Melissa Castellon of the State Park Service is attempting to get a permit to clean out the deltas where storm drains enter Lake Hopatcong during the five-foot drawdown this fall.
She explained to the Lake Hopatcong Commission at its meeting on Monday, September 17, that she needs engineering drawings sealed by a licensed professional engineer from one of the municipalities. They would enable the four municipalities around the lake to undertake a clean-up project within the following five years. If they are not received in time for this drawdown, the permit would still be viable for the next one.
No permit is required for cleaning out sumps, said resident John Kurzman, noting that Jefferson Township has a vacuum truck it has used for that purpose.
The permit is necessary for using a backhoe, commissioner Mark Fisch stated. A homeowner can clean the deltas with a shovel and a wheelbarrow without a permit.
Castellon said Jefferson representatives indicated they would not do the cleaning of draining facilities this time since they did it during the last drawdown. She and commission secretary Colleen Conover indicated that Hopatcong officials were not sure if they were responsible for cleaning the facilities.
Dock Survey in Progress
Another sort of clean-up is making progress, commissioner Fred Steinbaum reported. He has been traveling around the lake in the commission’s boat trying to get people to repair dilapidated docks that are shedding wood into the lake. He is about two-thirds of the way done, he said, with most of Hopatcong and all of Roxbury to go.
Many of the docks have no clear ownership. Some belonged to beach associations that owned a fire lane down to the lake and a dock, but they no longer exist, he explained.
The dock in the worst shape is at the old Alamac Hotel in Mount Arlington. The huge hotel burned in 1948, but concrete steps still lead from Edgemere Avenue to the lake. Martin Kane of the Lake Hopatcong Foundation said the Alamac Association has not paid taxes to Mount Arlington in years and the borough will foreclose on the property, which has 20 feet of lake frontage. “The best case scenario is that the owners on each side will buy the land,” he noted, adding that there is quite a bit of structure left to take down.
Steinbaum spoke to an owner on Halsey Island. Since he could not figure out how to turn off the boat’s blinking light, he must have looked very official, although the man would not give his name. “People were yelling out ‘you’re doing a great job’ as we went past,” he reported.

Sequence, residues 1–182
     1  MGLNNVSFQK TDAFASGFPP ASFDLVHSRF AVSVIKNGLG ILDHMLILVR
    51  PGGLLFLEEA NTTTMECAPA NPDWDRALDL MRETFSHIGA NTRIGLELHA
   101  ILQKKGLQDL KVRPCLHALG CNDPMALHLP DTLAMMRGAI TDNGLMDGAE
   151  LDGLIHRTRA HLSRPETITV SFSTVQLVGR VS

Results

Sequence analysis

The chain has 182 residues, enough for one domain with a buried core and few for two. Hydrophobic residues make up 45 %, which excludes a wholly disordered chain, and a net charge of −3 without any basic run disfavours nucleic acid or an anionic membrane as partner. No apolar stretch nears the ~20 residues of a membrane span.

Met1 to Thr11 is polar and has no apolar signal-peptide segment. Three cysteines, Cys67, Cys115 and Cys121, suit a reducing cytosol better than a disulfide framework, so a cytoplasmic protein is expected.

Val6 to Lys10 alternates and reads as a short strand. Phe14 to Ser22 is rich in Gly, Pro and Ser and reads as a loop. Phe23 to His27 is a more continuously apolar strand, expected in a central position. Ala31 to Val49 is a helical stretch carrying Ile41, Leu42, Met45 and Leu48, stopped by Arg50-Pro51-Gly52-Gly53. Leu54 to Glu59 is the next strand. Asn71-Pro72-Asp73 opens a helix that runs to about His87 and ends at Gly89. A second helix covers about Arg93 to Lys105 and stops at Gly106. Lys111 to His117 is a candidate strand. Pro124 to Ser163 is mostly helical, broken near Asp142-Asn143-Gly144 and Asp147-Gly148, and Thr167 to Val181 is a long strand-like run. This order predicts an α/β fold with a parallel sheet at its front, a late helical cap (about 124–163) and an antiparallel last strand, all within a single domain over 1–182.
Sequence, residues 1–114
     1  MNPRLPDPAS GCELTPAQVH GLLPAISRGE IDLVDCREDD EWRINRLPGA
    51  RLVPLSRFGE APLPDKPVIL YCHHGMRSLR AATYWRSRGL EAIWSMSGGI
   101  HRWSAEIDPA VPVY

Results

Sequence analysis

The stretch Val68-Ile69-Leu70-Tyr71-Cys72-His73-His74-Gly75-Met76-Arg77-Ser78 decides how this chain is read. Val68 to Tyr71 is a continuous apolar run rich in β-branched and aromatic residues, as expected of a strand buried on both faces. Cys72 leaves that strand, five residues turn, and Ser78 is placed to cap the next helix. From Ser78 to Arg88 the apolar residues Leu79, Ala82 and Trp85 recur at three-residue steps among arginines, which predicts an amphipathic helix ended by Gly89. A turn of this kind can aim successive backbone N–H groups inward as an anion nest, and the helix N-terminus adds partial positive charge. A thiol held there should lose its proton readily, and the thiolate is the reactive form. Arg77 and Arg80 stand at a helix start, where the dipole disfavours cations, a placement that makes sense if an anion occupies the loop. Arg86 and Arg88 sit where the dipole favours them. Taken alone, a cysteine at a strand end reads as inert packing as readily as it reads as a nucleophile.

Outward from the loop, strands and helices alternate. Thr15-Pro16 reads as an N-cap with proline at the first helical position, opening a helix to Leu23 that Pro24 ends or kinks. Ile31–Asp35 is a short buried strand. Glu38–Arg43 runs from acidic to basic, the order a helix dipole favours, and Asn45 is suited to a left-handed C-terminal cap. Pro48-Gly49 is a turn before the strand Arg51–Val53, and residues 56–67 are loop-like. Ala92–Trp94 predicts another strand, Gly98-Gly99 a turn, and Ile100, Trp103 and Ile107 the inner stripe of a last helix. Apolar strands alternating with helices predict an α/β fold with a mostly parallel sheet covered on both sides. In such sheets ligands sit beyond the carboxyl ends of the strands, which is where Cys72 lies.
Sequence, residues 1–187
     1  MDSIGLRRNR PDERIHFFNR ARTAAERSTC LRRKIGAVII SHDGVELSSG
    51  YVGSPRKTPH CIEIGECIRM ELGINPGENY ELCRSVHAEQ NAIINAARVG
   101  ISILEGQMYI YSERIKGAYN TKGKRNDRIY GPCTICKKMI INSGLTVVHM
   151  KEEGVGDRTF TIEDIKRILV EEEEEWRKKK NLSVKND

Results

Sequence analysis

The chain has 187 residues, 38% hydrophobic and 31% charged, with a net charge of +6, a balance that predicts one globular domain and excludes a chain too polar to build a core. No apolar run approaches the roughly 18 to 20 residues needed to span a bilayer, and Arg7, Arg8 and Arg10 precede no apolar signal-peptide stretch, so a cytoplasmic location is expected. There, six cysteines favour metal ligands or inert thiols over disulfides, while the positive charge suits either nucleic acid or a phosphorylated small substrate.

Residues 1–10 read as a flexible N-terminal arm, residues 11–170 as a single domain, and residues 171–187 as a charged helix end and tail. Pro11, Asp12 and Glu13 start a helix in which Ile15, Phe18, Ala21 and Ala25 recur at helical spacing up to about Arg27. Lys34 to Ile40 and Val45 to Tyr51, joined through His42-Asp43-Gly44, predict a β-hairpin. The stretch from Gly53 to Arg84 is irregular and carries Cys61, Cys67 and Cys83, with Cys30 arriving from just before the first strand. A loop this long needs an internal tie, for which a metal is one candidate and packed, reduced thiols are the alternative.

Commissioner Dan McCarthy has been talking to the municipalities about ice retardant systems. For the most part, it is a matter of education for the people who own the systems. He said Roxbury Township’s system of mandatory registration without a fee seems to work.
Lake residents are concerned that people who leave the area for the winter have propeller-driven systems controlled by timers that may malfunction and leave too much open water, which can be dangerous, especially when snow covers thin ice.
Kane reported that he, Dr. Fred Lubnow from Princeton Hydro, mayor Mike Francis of Hopatcong, and others made a presentation to the state Department of Environmental Protection (DEP) on the use of sterile grass carp for weed control. The carp eat leafy weeds of the kind found in Crescent Cove and the canals.
State officials are mostly concerned about the carp disrupting the habitat of other fish, even though they cannot reproduce. “They are concerned the fish will get into the Musconetcong River and eat too much grass,” Kane said. Other lakes that use the grass carp do not have a problem with their getting out, he added.
Lubnow is working on a report of the possible costs of a containment structure to assure that the fish stay in the lake. The DEP would need to see that, he said.